The Nadir Divan-begi Madrasah built in Bukhara in the 17th century still catches its reflection in the khanaka standing opposite it like in a mirror. Two majestic architectural monuments form a kosh — the favorite city-planning technique of medieval masters who have brought glory to this ancient city.
For centuries, this land never ceases to enchant visitors with buildings constructed on the same axis and facing each other. Each of them looks at their twin brother and sees in its appearance familiar features and completely different ones that were born due to the architects’ imagination. The features of the Nadir Divan-begi Madrasah are so beautiful that it was included on the UNESCO World Heritage List.
When you look at this architectural monument, it is hard to believe that its original creator, noble dignitary Nadir Divan-begi who used to live on this sun-warmed land, planned to build an ordinary caravanserai. The architectural planning reminds us of his original intentions.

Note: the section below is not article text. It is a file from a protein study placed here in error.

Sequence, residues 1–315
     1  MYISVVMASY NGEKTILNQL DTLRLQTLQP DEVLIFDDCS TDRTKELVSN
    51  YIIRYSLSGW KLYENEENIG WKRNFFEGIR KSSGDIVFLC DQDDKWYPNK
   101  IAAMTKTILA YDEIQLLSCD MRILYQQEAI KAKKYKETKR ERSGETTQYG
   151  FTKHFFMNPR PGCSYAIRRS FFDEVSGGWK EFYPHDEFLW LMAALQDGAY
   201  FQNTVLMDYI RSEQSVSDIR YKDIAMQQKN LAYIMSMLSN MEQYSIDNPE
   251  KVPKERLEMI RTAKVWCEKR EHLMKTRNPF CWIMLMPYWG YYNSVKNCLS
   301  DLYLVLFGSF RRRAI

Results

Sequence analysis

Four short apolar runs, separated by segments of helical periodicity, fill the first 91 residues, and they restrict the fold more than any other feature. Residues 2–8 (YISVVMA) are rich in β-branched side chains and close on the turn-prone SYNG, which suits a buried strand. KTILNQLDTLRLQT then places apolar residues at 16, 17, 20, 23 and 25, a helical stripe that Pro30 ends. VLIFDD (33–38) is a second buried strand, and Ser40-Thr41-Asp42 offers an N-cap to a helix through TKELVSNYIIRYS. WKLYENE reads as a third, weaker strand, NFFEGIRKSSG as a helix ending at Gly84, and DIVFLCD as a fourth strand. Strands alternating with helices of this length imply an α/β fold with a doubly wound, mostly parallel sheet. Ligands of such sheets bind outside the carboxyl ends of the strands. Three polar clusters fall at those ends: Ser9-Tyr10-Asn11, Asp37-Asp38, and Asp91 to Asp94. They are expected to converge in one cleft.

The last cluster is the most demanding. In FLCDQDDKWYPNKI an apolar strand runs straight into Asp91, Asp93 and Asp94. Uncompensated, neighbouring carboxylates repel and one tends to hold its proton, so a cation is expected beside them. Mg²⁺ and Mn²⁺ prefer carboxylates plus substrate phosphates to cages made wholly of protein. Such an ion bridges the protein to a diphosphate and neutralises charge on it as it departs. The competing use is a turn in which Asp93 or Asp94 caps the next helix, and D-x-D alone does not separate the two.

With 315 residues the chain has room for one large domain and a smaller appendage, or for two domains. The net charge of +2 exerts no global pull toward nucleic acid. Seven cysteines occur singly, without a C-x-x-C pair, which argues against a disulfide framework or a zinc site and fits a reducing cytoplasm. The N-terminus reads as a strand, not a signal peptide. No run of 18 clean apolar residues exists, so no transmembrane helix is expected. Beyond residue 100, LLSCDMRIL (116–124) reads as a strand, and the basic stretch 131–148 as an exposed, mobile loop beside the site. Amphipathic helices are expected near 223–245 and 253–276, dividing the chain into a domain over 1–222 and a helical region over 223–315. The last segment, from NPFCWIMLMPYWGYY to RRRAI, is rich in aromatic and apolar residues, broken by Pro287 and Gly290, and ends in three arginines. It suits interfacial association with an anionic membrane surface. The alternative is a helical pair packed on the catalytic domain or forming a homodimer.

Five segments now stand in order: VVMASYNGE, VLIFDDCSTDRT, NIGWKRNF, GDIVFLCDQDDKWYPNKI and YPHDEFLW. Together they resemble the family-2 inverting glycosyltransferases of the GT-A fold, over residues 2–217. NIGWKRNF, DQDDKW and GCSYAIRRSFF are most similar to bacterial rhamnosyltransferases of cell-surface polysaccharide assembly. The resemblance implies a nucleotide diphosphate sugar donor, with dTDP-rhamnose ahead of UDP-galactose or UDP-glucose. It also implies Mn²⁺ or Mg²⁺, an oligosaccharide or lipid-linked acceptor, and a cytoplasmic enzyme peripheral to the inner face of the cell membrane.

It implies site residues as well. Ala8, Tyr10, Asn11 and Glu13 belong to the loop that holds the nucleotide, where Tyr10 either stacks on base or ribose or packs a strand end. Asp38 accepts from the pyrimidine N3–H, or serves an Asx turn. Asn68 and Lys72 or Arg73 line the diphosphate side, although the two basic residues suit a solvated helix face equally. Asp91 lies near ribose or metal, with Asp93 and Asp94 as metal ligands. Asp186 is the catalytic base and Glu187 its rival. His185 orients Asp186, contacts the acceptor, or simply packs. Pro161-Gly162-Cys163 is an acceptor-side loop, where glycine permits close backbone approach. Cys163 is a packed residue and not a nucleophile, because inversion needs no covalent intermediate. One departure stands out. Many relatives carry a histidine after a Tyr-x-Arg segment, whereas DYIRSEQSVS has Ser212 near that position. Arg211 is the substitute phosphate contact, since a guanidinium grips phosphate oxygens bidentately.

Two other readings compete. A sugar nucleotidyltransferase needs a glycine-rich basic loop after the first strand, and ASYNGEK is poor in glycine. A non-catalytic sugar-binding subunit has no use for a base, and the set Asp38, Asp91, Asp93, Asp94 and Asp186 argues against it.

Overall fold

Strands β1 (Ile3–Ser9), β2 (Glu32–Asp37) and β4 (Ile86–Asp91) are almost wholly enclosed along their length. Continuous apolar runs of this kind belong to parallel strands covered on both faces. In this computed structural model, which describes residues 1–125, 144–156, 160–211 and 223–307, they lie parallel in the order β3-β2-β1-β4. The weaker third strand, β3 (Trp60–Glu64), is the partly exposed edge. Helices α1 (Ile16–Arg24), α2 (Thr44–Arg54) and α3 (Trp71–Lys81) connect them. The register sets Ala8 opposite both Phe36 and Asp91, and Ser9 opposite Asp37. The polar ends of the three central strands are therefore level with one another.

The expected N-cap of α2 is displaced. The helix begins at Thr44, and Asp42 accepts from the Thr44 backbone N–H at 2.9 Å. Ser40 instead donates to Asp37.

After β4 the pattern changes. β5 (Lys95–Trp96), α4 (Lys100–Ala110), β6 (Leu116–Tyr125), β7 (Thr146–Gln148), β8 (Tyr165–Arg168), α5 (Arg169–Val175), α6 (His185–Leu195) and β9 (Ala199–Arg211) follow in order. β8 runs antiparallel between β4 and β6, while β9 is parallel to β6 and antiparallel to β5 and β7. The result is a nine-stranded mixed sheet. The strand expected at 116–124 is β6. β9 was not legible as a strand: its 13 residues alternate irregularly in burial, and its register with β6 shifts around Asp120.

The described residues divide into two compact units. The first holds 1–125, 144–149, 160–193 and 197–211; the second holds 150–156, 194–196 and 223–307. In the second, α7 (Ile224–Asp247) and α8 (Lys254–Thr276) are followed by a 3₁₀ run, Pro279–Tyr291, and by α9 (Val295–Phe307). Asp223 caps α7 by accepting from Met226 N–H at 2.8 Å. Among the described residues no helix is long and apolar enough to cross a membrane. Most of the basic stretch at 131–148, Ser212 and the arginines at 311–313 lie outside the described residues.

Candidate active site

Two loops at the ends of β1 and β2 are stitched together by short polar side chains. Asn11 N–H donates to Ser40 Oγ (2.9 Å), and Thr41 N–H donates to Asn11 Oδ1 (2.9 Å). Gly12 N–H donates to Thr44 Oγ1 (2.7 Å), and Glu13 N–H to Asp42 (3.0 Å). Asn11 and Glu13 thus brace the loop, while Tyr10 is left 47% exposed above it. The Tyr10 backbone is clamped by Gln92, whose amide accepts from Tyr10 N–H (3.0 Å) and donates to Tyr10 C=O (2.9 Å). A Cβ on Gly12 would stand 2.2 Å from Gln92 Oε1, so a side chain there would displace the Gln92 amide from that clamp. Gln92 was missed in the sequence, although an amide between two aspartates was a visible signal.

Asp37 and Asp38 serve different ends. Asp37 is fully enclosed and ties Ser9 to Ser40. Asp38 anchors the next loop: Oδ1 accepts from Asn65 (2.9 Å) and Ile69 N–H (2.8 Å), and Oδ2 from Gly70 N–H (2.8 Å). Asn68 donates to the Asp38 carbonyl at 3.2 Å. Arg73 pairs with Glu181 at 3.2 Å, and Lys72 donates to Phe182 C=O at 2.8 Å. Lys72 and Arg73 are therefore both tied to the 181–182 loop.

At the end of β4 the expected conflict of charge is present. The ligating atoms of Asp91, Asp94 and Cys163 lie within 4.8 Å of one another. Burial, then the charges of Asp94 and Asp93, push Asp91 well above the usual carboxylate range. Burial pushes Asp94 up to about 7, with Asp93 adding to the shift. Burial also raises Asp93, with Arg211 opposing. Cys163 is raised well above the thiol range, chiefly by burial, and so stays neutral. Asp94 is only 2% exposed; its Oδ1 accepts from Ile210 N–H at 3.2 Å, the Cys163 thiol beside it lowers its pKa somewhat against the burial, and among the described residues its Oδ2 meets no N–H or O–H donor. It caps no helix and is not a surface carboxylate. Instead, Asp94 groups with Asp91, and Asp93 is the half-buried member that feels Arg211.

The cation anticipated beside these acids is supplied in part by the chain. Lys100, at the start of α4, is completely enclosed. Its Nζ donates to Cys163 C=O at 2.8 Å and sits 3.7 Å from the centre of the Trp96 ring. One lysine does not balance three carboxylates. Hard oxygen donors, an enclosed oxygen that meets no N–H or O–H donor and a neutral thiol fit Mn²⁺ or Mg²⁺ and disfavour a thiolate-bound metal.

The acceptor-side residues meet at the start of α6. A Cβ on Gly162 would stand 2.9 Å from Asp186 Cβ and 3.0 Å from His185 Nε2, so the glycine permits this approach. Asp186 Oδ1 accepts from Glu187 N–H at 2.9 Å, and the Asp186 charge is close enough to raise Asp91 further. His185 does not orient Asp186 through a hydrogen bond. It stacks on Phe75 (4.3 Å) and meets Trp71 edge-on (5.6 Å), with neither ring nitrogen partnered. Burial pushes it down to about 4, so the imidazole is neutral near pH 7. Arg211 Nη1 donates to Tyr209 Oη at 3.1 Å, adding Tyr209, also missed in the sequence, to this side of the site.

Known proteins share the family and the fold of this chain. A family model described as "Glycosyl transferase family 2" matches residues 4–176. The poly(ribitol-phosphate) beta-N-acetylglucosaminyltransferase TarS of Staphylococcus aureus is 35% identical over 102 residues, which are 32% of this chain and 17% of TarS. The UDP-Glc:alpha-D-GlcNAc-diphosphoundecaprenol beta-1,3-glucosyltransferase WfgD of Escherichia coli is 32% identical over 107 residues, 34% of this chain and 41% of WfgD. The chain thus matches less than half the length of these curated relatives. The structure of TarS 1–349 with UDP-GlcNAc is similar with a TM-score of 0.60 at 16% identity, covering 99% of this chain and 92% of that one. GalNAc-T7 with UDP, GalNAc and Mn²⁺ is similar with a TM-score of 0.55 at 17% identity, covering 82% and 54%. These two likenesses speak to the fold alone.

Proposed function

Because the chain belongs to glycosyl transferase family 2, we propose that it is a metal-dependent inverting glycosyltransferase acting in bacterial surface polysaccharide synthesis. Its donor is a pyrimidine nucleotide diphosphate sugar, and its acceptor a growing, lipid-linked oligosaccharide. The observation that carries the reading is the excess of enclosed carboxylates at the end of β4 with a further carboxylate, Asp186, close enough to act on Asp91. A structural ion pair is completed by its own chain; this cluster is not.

Once inside, the guests do not see a lecture hall traditional for a madrasah. A narrow entrance typical for a madrasah leads to the courtyard topped only with hujras — cells where dervishes had rest after a long travel and tried to find inner peace. The architectural monument, which by the will of fate was destined to become a holy place, has not lost its former charm as centuries passed, and the mosaic patterns of its portal still attract guests from around the globe.
The drawings created by the masters that show deer and phoenixes, the birds of happiness, carrying evil spirits in the form of boars away from these lands, are reminiscent of Zoroastrianism that was widespread here in ancient times; they also reflect the influence of Iranian culture. Its traditions were brought to the city in the sands by Iranian architects; in the 17th century, the emirs ruling those lands often invited them to construct some buildings.
The team of Canaan Travel will be happy to visit you in Uzbekistan on a journey to this unique attraction, which today has become the centre for craftsmen and greets guests with bright and distinctive folk festivals.